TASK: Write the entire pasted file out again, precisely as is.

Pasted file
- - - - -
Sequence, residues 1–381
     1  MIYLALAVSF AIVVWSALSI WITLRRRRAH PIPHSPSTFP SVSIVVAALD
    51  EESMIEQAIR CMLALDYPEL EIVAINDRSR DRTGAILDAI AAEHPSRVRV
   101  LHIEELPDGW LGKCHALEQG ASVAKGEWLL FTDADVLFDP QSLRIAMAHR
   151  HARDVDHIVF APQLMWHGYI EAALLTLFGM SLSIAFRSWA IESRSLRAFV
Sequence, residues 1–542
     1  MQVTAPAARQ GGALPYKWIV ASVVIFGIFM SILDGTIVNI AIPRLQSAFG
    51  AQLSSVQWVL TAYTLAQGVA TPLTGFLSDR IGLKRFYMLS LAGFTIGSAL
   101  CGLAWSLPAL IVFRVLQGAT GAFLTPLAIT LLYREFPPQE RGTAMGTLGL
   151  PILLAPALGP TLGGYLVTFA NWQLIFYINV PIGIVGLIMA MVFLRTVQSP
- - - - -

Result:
Sequence, residues 1–381
     1  MIYLALAVSF AIVVWSALSI WITLRRRRAH PIPHSPSTFP SVSIVVAALD
    51  EESMIEQAIR CMLALDYPEL EIVAINDRSR DRTGAILDAI AAEHPSRVRV
   101  LHIEELPDGW LGKCHALEQG ASVAKGEWLL FTDADVLFDP QSLRIAMAHR
   151  HARDVDHIVF APQLMWHGYI EAALLTLFGM SLSIAFRSWA IESRSLRAFV
Sequence, residues 1–542
     1  MQVTAPAARQ GGALPYKWIV ASVVIFGIFM SILDGTIVNI AIPRLQSAFG
    51  AQLSSVQWVL TAYTLAQGVA TPLTGFLSDR IGLKRFYMLS LAGFTIGSAL
   101  CGLAWSLPAL IVFRVLQGAT GAFLTPLAIT LLYREFPPQE RGTAMGTLGL
   151  PILLAPALGP TLGGYLVTFA NWQLIFYINV PIGIVGLIMA MVFLRTVQSP